I believe this is why we implemented the changes to not accept these protocols by default. The threats from POODLE and DROWN were too much to allow accepting these protocols as default behavior.
 

sparek-3

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Bottom Line - I'm just wanting to know if there are any "in-life" email clients out there that don't yet support TLSv1.2? Before I politely accuse clients of using outdated and end-of-life email clients. Mainly Microsoft clients, because I can't keep up with all the different versions of Outlook, Outlook Express, and Windows Live Mail that they have.

If an email client is still in life, and it doesn't support TLSv1.2 then the onus would seem to be on that email client's developer.

But if the email client is end-of-life, then the onus is on the hosting client for continuing to use such a product. Perhaps they were legitimately unaware of the issue, but that's kind of the point of disabling those insecure TLS versions... to get their attention on this matter. Don't be mad at your host for wanting your mail server connection to be (really) secure.
 

cPanelLauren

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Hi @sparek-3

The problem with the outlook clients was that Window's itself didn't have the support for TLSv1.2 the clients and Windows Operating systems past 7 should all support TLS1.2 even the Window's systems running 7 should be able to patch and receive the TLSv1.2 update so, no I do not believe there is anything, not EoL that doesn't accept the protocol.
 

sparek-3

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Thanks! This is helpful.

I would have thought that Windows Updates on a Windows 7 system would have installed this patch... but it's Microsoft and I don't understand a lot of their systems or how they work.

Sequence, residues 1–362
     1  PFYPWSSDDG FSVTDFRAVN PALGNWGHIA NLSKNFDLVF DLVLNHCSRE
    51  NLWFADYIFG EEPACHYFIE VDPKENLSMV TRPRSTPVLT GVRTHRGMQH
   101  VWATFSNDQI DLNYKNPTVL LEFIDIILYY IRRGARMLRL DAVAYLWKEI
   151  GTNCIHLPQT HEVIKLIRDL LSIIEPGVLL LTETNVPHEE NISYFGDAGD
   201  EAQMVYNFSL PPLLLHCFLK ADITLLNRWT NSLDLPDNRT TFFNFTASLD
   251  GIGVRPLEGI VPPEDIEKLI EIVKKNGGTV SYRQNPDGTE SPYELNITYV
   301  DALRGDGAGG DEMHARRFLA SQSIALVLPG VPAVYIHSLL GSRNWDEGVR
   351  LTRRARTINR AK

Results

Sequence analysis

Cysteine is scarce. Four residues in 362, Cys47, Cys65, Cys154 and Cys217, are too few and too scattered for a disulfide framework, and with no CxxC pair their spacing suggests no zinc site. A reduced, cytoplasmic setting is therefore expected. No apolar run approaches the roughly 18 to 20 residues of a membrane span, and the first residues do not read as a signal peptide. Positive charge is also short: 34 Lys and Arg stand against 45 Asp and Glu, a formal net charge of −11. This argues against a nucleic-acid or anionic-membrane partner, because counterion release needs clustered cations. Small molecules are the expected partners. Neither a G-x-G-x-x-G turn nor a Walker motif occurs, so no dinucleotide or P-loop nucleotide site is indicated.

I do know that we've had some clients complain about Outlook 2007 not working. But as far as I can tell, Outlook 2007 is well beyond it's end-of-life.

I just don't have a lot of sympathy for people that want to continue to use end-of-life software and expect it to continue to work. It's like wondering why my TRS-80 or Commodore 64 won't get on the Internet.
 

cPanelLauren

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I would have thought that Windows Updates on a Windows 7 system would have installed this patch... but it's Microsoft and I don't understand a lot of their systems or how they work.
I too would have thought the same, but I believe a lot of people have their updates disabled or for some reason didn't get this.

I do know that we've had some clients complain about Outlook 2007 not working. But as far as I can tell, Outlook 2007 is well beyond it's end-of-life.
We got the most support requests on Outlook 2007 being unable to connect when the changes were introduced. The end of Extended support for Outlook 2007 was 10/10/2017

I just don't have a lot of sympathy for people that want to continue to use end-of-life software and expect it to continue to work. It's like wondering why my TRS-80 or Commodore 64 won't get on the Internet.
My first computer was a Commodore 64 we thought they were amazing then.